I’ve spent the past three weeks amusing myself (and hopefully you) by poking holes in bad marriage advice. Each time, I’ve attempted to present more honest truths about marriage, and wonder more creatively about the marriage relationship. So, let’s say goodbye to “Never go to sleep angry,” “Love conquers all,” and “Marriage is 50-50.” Good bye and good riddance. This week, in my final installment, I wish adieu to “We are soulmates.”
What a beautiful, romantic sentiment. What an amazing thing to find that one person who makes your life brighter, more exciting, seemingly easier. What a fabulous feeling to be a reason your partner smiles. I get it. I really do. But, I hope for your sake and your partner’s sake you aren’t the reason your partner smiles. I sincerely hope your partner is not the only source of your happiness. No one person is anyone’s everything. (And I’ll go as far to say that monastics are rare for a reason. People are made for community.)
Shel Silverstein wrote “The Missing Piece meets the Big O” in 1981. In his book, a wedge, seemingly missing a larger piece of itself, goes through a series of attempts to “complete” itself by trying to fit like a puzzle piece into complementary shaped pieces. In each case, though, the fit ultimately fails. The piece must learn it is not incomplete, but a whole being unto itself. It learns and grows, rolling alone, and ultimately rolling alongside another shape. Silverstein is not being subtle here. While we thrive alongside friends and partners, suggesting we need them to be complete diminishes our very being and existence.
Marriage is about finding someone who celebrates our very being and existence . . . as we are, and alongside us as we grow and change. And alongside them as they grow and change.
And here is the kicker: while our marriage partner may be the one with whom we are most intimate and vulnerable, the one who knows us the best, the first among equals, they should not be the only.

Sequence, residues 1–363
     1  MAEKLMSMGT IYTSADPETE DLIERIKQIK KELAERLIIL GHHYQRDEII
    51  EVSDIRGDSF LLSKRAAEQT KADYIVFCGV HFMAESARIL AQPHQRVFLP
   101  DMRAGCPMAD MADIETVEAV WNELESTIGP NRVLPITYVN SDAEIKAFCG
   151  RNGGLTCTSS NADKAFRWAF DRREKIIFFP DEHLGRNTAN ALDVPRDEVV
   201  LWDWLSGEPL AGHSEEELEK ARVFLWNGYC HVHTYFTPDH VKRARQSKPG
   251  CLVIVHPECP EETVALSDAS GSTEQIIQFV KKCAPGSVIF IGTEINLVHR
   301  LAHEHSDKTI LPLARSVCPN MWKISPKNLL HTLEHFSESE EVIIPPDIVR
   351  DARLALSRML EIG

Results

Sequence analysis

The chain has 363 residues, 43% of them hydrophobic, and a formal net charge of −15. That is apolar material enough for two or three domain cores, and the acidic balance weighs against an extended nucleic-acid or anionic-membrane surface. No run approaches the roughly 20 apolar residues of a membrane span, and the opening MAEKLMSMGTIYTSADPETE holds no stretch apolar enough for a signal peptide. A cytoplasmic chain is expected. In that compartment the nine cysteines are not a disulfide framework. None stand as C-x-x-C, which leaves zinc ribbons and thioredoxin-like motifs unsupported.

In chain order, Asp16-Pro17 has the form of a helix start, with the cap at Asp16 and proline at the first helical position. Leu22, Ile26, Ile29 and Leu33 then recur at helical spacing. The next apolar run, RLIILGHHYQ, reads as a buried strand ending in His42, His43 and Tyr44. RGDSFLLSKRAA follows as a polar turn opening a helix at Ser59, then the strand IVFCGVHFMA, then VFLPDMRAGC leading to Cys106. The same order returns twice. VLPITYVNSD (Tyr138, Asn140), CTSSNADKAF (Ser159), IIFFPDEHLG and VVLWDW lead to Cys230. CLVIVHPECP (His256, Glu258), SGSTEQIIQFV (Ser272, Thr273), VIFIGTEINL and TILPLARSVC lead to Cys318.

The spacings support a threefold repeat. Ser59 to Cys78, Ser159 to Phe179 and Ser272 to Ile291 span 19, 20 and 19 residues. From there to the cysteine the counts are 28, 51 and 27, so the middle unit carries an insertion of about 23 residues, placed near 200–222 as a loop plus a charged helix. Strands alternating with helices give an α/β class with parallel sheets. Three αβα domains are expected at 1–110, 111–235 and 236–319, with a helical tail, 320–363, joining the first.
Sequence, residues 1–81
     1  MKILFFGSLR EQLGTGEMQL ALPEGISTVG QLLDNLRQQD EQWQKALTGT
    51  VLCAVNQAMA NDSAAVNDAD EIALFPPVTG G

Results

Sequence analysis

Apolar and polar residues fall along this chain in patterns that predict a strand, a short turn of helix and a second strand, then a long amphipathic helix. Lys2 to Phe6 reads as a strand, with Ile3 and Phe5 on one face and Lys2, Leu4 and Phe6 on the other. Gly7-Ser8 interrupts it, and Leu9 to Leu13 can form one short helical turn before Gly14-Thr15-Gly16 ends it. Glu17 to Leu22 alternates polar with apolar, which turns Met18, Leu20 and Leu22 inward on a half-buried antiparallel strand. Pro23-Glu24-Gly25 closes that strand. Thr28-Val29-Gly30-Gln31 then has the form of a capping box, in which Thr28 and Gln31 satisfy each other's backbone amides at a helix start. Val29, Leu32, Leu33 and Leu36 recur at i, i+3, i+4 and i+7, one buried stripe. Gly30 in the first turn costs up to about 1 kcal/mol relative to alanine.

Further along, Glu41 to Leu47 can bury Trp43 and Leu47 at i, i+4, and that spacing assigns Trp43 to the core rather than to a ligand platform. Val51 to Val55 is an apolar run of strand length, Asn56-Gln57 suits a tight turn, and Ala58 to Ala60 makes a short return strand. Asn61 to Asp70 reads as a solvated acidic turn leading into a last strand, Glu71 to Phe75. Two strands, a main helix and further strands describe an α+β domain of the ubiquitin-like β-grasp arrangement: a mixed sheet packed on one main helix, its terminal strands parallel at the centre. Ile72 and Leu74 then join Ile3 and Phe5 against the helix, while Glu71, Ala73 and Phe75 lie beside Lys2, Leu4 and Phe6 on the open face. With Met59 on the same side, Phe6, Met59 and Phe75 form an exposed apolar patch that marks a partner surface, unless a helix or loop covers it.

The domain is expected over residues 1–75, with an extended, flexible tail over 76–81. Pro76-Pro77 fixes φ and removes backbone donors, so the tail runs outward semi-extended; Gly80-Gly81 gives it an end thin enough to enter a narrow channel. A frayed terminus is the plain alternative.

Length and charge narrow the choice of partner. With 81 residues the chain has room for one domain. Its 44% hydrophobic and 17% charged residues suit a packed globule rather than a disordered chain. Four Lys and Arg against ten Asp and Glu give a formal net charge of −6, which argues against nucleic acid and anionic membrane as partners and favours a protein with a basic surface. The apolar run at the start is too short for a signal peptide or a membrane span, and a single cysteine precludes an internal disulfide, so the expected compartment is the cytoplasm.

Marriage lives and thrives in community. We need a myriad of voices in our lives, multiple perspectives. The role of friends is not only to support the couple when support is needed, but to check our individual perspectives. I recall a time when my counselor asked me, “Who is going to remind you that Joe, even as he throws his dirty socks on your side of the bed, cherishes you?” Oh. Yeah. OK. (And more importantly, who is going to remind Joey that even though I can’t cook, I’m a great baker?)
And it isn’t just about supporting the couple. I need particular friends in particular places. When it comes to theological discourse, my friend Margaret is my go-to. When Joe needs insight on legally-laws or whatever it is he does, he calls James. He tailgates with another group (because I had my fill of college football during my four years at university). I cycle with Sam, and grab chips, salsa and margaritas with Michele, Rae, Annette, or Cam.
There are moments when, particularly because of the intimate nature of marriage, soulmate seems the perfect word. Sometimes the connection between you and your spouse touches a deep, profound, thin-space that seems (or perhaps is) otherworldly. Those moments are treasures. And they are often fleeting. That’s ok. That moment may even make soulmate appropriate. But our souls should be fed by many. In some ways, that makes those moments with our partners even more cherished.
My advice? Mark those moments and treasure them. But don’t make them a statement or expectation about your being and selfhood – or your spouse’s. You are enough just as you are. Your spouse is, too. Together, go build a life, a community of friends and family, dream some dreams, share adventures and burdens. Be helpmates, partners, and friends. Be teammates, lovers, and companions.
And most of all? Don’t be afraid to think critically about any marriage advice you receive! Remember, marriage is universal, even as it is unique. What works for one couple may not work for another.
Sarah has been crafting custom weddings for couples of all kinds since 1999. Sarah is a Ravenclaw, and loves mythology, historical fiction, hot tea, and cycling of all sorts. She is an ordained minister who believes in coloring outside the lines. Sarah has been married to her best friend, Joe, since 1994. Together, their greatest treasures are their two children and the marriage they’ve worked hard to cultivate.